The book's a joy!

With the exception of Yehudi Menuhin, it's best to approach the autobiographical excursions of great musical artists with more than a little skepticism. How many disappointments have flown into the meadow by that route! This engaging effort by Isaac Stern is therefore a more than little delight, filled with the characteristically notable voice of one of the authentic humanists of the 20th century, not to mention one of the great fiddlers of all time. Stern's writing is great deal like his playing; verve and confidence riding the high clouds with surety and an unmistakably personal passion. I often thought, while reading this book, how no one in my experience plays Kreisler's 'Schon Rosmarin' like Stern -for all the salon qualities of the piece, it has a heart of pure gold- and this book resembles that little encore nugget in more than a few ways: true, one wishes at times that Stern would simply go on with his thought, go on with the memory at hand, even with the discussion at hand; yet in many ways he keeps up the flavor of his reminiscences by the succinctness, and at times almost the distractedness, of his writing/speaking style. I would argue that in fact he does give us quite a bit of his way of looking at not only his own life, but the wonder called the human experience, it's just that with this man one simply wants the conversation to go on and on. Even when speaking of his children (which he does often, even including charming transcriptions of little tape recordings of Daddyspeak for his wife and children when he was so often away on tour), Stern's power to captivate arises full from his honesty, indeed one of the great attributes of his music making. Chaim Potok's hand in the affair seems somehow deep under, and therefore probably pervasive and beautifully wise (as is every Chaim Potok effort!), leaving Stern's voice alive and vibrant, humanly awkward at times, and always surprising in its direct power- very much like the playing of this most gifted of musicians. Despite the obvious limitations that will always attend a book like this, it remains a delight, charming if not all revealing, even moving. Lovers of music won't be disappointed!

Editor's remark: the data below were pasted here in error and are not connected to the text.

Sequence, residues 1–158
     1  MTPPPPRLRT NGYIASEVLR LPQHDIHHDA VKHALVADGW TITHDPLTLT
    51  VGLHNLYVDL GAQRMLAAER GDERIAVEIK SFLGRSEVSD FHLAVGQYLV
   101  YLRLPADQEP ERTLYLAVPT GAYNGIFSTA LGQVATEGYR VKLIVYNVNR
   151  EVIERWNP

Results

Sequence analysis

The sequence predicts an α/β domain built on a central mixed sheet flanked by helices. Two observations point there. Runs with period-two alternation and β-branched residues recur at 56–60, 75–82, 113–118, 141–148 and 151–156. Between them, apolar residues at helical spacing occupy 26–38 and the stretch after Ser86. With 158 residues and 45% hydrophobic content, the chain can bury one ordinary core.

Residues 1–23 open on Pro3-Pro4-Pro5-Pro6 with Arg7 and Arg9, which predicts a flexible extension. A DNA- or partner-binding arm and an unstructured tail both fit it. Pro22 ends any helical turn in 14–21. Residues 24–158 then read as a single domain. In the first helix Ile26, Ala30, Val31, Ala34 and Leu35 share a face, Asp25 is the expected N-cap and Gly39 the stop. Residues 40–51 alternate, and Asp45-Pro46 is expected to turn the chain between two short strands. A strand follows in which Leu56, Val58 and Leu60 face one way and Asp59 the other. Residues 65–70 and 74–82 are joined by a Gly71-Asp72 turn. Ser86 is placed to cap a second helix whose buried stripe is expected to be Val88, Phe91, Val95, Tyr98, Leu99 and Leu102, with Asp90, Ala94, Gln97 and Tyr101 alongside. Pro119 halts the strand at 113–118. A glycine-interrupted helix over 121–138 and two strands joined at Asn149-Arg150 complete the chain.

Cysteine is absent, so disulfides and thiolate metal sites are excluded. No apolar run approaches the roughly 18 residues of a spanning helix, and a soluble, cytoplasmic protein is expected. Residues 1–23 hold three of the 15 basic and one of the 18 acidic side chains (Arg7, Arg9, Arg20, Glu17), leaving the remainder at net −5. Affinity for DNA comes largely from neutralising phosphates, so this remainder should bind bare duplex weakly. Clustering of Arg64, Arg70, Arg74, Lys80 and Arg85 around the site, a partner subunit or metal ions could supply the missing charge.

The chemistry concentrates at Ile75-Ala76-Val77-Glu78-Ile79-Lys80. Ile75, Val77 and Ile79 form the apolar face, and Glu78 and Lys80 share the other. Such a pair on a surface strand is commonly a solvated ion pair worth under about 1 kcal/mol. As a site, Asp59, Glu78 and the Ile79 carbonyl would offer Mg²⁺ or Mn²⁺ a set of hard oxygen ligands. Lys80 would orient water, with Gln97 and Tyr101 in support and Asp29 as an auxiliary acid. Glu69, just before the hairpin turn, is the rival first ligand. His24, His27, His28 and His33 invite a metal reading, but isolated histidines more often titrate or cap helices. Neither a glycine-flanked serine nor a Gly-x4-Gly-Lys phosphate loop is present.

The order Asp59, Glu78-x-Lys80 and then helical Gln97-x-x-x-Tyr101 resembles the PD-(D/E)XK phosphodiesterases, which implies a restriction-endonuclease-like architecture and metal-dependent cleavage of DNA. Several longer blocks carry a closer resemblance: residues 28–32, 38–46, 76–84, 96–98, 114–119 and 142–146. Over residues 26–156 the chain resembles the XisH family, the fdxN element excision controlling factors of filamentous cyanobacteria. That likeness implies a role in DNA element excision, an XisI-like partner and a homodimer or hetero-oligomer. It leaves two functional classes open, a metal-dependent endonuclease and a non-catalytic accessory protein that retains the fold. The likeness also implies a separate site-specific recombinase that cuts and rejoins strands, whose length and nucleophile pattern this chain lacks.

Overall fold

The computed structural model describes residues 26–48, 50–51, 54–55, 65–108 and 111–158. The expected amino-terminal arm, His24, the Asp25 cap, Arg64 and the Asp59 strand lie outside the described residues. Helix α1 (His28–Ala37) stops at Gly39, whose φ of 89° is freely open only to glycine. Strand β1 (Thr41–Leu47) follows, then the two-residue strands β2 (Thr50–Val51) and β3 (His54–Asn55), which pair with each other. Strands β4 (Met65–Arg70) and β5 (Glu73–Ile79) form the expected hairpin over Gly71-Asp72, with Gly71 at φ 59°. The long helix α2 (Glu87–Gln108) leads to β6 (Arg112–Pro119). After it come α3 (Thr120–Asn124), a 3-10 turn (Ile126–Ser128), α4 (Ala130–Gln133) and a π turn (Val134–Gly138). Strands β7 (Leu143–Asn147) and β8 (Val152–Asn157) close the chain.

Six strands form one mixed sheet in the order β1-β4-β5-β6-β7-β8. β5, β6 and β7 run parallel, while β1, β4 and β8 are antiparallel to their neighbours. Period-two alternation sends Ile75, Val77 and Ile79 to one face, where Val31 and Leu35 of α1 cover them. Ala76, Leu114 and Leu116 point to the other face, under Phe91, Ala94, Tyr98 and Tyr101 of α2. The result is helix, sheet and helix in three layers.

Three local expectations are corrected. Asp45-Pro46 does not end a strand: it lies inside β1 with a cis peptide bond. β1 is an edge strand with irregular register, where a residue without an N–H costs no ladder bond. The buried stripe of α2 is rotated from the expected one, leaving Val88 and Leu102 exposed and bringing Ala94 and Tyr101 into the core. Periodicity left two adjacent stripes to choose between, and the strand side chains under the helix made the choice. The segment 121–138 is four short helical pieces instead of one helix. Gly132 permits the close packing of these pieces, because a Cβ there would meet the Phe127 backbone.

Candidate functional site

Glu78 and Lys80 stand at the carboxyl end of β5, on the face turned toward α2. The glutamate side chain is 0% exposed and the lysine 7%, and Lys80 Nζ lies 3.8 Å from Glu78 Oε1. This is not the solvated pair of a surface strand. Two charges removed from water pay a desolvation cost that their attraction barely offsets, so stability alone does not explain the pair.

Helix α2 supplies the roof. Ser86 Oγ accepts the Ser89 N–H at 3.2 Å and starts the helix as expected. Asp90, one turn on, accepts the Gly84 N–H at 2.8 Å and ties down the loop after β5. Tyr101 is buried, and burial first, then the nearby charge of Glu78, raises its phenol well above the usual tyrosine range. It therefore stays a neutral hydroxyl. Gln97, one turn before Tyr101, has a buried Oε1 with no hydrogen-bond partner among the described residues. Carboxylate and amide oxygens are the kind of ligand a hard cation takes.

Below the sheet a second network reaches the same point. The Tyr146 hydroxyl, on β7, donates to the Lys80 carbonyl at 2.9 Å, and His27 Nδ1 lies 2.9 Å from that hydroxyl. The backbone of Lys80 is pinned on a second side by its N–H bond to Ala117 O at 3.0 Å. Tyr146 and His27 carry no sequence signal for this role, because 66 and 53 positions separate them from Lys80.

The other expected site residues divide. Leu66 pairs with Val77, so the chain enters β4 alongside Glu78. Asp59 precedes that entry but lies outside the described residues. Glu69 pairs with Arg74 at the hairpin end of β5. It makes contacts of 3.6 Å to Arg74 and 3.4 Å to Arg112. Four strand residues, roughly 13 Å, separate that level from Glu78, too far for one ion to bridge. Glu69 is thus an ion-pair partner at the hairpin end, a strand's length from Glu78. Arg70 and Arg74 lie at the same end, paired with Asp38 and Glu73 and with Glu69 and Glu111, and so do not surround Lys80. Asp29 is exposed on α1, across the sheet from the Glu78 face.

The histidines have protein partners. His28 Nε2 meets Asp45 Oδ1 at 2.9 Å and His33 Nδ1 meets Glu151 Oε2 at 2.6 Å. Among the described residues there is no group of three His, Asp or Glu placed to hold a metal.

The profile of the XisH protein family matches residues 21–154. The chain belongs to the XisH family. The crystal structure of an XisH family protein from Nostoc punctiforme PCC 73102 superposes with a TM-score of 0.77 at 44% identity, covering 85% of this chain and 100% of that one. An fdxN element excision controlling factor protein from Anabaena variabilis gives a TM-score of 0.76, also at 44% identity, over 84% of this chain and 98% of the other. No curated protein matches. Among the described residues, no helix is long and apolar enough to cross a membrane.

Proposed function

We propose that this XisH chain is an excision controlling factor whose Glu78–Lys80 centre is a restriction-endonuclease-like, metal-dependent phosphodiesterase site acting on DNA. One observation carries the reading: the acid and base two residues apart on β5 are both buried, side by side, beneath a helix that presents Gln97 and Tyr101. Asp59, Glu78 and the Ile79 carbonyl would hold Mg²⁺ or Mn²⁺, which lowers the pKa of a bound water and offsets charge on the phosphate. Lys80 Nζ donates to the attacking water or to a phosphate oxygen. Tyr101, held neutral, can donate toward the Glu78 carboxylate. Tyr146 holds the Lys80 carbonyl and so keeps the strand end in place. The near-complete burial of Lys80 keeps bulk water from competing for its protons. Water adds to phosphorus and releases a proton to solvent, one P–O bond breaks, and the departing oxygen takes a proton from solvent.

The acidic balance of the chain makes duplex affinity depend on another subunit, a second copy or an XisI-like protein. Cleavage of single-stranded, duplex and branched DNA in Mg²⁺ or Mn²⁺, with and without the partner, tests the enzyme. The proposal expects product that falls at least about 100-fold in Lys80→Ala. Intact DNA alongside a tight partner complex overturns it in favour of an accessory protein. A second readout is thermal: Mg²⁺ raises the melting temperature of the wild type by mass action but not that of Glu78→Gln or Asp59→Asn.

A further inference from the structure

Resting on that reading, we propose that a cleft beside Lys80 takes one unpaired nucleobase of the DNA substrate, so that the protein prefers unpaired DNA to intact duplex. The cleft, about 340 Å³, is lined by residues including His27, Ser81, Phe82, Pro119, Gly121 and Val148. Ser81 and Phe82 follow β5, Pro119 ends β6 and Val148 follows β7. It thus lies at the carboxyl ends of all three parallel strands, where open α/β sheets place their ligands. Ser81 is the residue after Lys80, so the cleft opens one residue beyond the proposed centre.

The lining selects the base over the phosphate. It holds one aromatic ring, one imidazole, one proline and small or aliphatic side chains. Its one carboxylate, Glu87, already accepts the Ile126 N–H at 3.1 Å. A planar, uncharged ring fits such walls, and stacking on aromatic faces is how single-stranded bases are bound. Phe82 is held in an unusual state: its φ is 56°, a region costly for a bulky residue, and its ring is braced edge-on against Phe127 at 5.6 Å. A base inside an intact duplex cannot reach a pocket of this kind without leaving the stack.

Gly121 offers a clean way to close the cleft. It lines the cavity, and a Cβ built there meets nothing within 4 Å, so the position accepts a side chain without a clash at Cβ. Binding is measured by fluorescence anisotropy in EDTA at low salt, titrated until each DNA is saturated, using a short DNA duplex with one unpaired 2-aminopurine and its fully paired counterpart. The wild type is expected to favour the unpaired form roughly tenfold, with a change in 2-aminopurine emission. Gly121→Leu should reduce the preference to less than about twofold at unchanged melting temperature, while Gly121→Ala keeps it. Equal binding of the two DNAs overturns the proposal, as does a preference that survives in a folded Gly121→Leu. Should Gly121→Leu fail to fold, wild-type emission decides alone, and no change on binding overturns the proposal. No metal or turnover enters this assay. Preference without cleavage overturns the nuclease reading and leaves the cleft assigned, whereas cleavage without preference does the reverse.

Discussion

A MASTER MUSICIAN TELLING HIS STORY MASTERFULLY

What is involved in playing a musical instrument? What is needed to become really good? How should music affect you? All of these questions are answered very well and many times while reading this book. I welled up with emotion within like you sometimes do while reading the Reader's Digest because of the content. I thought Stern's life was well presented in an interesting manner and with great detail. Anyone interested in classical music should truly enjoy this life story.

A compelling and informative autobiography.

Isaac Stern's My First 79 Years was written with Chaim Potok and presents a fine literary autobiography which covers Stern's experiences in the world of music and the arts. His views about the arts and the modern world blend with his background and experiences to make for an outstanding survey of 79 years of life.